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Soon We— And Trump— Won’t Have Meatball Ron DeSantis To Kick Around Any More



I was in college at Stony Brook on the North Shore of Long Island. The big money on the North Shore was relatively quiet. If you wanted to see loud money you headed south— to the Hamptons. In 1967 or ‘8 some friends piled into my VW van and we drove the Hamptons. We drove around Southampton, East Hampton, Westhampton Beach, Bridgehampton… It was winter and we wanted to see what it was like. It wasn’t loud; it was empty for the winter. We figured out the area is a summer getaway for affluent New Yorkers (and beyond). May years later a friend of mine told me his ex-wife arrived on a private seaplane and was still fighting with another passenger, shrill, as she was getting off the plane and fell into the Atlantic. In my mind the Hamptons became synonymous with wealth, inbed prestige and opulence, attracting celebrities, business moguls (particularly from Wall Street) and influential individuals from all walks of life— including, of course, politics. Due to its status as a high-end vacation spot with lots of free-flowing money, the Hamptons have become a significant location for political fundraising events for both of the corrupt establishment parties.


Over a month ago, Meatball’s finance team put together a couple of fundraisers for him in the Hamptons. No one was buying any tickets, so they slashed the prices for the Southampton event from $6,600 perversion to $3,300. That didn’t help and last weekend 2 out of the 3 events were cancelled, further cementing in the minds of the donor class that DeSantis is a loser. The same weekend, RFK Jr was raking in piles of cash there. Murdoch’s NYC newspaper reported that Caroline Wren, a big GOP political fundraiser, said “This weekend broke DeSantis’ campaign. I don’t know anyone who went. George Santos could’ve pulled off a better fundraising swing in the Hamptons than Ron DeSantis did this past weekend… They’re starting to look at other places. Some are looking at Tim Scott, some are turning to RFK Jr. and some in the GOP are coming home to Trump.” Another source said “The DeSantis experiment is dead. Donors aren’t coming to his events because they don’t see any return on investment.”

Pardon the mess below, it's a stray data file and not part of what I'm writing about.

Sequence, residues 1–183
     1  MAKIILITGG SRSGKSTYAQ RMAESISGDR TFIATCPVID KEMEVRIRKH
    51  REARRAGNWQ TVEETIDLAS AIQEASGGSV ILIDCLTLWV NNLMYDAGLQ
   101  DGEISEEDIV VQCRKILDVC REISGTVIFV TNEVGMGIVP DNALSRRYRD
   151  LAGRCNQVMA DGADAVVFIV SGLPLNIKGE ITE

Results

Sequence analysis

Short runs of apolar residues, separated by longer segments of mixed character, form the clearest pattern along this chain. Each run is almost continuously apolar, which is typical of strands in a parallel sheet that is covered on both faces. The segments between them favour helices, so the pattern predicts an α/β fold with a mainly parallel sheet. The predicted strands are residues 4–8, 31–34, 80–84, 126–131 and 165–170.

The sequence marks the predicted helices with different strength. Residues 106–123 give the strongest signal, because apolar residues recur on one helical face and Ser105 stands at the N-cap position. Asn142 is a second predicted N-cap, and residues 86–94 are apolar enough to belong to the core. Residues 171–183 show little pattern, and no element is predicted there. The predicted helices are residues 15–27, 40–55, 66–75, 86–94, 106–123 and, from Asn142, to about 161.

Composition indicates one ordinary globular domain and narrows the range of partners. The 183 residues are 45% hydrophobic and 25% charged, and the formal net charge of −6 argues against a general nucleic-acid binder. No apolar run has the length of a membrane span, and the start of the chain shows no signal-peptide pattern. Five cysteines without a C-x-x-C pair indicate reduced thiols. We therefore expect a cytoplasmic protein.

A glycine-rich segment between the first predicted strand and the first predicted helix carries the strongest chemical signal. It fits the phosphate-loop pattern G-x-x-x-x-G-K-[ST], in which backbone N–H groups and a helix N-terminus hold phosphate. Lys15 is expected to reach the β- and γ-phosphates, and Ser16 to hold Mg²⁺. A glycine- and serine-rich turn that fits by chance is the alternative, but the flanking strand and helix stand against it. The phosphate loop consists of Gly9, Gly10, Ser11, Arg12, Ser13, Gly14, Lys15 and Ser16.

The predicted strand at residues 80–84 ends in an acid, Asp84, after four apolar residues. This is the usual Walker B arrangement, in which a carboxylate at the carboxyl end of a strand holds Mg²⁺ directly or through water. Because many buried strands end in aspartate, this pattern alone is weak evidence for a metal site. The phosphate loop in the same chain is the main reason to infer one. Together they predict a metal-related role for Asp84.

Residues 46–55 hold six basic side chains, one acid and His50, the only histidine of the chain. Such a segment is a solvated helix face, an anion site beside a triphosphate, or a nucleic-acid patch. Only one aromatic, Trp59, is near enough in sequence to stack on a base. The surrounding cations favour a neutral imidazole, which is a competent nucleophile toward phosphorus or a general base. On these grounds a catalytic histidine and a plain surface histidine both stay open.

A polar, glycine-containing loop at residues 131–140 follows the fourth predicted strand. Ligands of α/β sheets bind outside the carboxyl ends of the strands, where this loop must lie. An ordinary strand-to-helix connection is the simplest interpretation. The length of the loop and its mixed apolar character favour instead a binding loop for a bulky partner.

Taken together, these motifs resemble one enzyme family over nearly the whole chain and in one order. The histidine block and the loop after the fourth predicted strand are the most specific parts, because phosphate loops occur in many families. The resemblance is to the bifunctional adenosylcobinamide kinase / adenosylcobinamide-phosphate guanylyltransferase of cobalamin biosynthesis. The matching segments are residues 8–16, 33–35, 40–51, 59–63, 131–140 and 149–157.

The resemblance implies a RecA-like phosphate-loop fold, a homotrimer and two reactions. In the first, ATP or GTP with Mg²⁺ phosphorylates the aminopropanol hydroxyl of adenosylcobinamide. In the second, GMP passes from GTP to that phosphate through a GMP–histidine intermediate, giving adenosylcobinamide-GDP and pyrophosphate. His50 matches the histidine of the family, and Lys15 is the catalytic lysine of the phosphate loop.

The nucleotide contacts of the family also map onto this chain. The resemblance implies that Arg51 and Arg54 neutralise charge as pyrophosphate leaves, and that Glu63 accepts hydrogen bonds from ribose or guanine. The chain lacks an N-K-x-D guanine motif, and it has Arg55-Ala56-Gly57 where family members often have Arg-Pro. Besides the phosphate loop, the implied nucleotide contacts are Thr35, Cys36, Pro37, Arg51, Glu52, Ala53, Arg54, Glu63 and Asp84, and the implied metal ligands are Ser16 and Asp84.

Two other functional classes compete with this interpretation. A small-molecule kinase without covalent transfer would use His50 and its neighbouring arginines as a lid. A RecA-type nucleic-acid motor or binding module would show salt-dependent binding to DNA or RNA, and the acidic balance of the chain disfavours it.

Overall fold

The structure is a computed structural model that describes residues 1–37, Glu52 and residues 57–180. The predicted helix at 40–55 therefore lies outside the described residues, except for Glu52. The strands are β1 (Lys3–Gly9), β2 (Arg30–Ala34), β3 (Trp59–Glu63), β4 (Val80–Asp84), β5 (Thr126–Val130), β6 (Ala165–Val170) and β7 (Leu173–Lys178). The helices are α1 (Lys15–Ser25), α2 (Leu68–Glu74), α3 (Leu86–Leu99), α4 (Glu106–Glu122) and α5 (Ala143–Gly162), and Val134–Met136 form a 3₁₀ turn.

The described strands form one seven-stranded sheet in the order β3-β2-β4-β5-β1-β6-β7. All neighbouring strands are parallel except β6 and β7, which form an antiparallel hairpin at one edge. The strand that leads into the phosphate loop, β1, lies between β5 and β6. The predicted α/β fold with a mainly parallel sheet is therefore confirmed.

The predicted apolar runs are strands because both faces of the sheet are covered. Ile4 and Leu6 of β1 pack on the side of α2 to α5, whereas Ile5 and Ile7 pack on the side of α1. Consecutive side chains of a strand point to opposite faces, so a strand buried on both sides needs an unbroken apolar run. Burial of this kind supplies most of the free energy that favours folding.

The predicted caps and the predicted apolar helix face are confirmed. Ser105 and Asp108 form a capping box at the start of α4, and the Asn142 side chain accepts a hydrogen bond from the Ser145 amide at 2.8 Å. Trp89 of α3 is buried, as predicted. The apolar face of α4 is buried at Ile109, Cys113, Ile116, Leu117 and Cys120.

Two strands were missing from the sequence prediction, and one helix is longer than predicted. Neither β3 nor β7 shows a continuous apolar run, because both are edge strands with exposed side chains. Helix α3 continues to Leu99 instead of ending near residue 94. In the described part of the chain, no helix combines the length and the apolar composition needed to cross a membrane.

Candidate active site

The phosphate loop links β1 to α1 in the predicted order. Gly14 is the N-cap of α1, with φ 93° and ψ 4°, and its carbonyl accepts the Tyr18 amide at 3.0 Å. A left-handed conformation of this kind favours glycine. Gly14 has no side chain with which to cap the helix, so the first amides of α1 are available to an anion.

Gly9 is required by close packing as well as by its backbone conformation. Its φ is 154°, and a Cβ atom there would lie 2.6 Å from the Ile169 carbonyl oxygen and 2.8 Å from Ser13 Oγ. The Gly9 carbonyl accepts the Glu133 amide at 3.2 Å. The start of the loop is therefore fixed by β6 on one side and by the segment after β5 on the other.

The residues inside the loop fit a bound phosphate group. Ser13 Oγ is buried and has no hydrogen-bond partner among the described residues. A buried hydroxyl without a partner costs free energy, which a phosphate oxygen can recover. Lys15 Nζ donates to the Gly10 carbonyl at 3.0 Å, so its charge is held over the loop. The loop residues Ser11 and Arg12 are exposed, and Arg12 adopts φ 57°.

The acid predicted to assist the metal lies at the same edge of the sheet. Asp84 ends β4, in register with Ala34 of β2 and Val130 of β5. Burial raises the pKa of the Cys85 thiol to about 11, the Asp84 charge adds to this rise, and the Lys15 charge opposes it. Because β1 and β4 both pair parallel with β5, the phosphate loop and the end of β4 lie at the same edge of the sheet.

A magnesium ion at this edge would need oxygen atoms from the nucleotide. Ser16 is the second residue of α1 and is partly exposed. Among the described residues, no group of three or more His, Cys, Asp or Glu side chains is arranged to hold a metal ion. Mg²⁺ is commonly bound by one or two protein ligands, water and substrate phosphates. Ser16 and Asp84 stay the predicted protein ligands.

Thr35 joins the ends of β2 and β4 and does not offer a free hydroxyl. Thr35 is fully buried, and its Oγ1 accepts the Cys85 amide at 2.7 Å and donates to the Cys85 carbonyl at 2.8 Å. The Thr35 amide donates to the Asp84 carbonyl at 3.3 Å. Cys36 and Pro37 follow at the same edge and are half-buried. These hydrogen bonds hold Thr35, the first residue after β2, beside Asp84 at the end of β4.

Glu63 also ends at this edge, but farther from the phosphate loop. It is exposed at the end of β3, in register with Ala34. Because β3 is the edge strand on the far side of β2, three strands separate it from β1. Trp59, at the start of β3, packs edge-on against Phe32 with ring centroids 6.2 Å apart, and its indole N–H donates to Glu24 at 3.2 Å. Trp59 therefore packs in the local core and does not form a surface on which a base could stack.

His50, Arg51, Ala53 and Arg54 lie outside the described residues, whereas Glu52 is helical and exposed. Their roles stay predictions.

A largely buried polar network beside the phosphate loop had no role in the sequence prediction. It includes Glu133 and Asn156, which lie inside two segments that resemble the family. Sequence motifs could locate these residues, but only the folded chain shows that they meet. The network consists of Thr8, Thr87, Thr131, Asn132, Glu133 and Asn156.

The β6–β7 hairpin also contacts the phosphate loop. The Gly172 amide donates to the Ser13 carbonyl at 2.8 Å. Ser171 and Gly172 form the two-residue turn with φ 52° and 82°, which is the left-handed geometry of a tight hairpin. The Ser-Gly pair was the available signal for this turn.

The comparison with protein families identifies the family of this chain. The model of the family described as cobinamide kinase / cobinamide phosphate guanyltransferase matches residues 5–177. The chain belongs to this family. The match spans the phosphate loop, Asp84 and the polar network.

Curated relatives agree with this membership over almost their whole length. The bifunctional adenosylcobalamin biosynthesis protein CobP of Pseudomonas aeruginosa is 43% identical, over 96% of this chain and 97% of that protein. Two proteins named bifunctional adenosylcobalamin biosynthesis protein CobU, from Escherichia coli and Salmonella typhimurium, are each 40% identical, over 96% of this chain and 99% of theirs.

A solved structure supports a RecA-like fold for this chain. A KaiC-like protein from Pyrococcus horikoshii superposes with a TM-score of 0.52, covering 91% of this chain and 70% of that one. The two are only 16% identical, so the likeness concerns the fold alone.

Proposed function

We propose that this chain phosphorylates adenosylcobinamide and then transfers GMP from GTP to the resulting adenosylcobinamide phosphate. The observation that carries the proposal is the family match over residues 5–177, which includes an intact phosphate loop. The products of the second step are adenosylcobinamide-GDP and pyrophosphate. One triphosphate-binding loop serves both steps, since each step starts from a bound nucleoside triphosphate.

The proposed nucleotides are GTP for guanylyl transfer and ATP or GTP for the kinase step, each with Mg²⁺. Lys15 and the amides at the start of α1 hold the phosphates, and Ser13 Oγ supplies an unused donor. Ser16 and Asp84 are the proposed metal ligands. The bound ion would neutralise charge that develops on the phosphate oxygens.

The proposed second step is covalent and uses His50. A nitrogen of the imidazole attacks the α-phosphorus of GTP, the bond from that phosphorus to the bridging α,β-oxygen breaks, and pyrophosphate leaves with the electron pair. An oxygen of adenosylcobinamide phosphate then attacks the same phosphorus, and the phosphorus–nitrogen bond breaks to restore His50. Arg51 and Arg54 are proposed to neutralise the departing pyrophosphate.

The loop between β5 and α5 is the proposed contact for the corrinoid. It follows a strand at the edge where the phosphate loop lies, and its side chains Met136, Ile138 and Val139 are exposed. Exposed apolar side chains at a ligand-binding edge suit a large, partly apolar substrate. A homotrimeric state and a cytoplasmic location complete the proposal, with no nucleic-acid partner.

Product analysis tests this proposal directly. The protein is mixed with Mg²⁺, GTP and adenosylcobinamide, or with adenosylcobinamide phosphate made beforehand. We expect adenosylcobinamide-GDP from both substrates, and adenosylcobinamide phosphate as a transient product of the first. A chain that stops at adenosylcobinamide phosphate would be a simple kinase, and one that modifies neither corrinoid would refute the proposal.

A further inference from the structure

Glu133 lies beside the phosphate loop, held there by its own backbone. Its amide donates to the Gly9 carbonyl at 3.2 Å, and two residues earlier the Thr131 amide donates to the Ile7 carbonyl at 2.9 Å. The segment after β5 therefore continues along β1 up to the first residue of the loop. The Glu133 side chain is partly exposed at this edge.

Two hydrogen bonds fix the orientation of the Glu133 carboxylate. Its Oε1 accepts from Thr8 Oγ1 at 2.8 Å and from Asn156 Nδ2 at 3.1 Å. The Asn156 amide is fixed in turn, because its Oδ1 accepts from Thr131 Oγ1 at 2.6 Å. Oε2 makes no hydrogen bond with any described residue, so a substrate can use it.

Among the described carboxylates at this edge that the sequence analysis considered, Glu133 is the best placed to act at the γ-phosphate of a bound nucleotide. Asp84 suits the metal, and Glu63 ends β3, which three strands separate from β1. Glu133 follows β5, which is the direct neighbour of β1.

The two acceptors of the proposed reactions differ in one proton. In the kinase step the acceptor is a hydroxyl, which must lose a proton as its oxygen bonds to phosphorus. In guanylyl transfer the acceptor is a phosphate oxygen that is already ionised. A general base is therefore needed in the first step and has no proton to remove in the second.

Earlier this week, John Nichols noted that Meatball Ron “is starting to look like a Scott Walker-lever loser.” His polling is horrible and it gets worse everyday and he has the stench of a loser, which Trump uses to describe him now. He has no grassroots support and has been getting all his money from the billionaire class— and that’s been drying up. “Once heralded by the mainstream media as the alternative to Trump,” wrote Nichols, “DeSantis is now taking a pounding in the press. ‘DeSantis Can’t Shake Trump’s Long Shadow,’ warns U.S. News and World Report. ‘There Is No Ron DeSantis 2.0,’ asserts Politico in a dismal assessment of prospects for a campaign reset. The Atlantic simply notes ‘The Humiliation of Ron DeSantis.’ This all sounds oddly familiar to those of us who chronicled the rise and fall of another GOP ‘star’ who imagined that a reputation as a headline-grabbing Republican governor, along with a penchant for mouthing social-conservative dogma, would be enough to win a Republican presidential nomination.”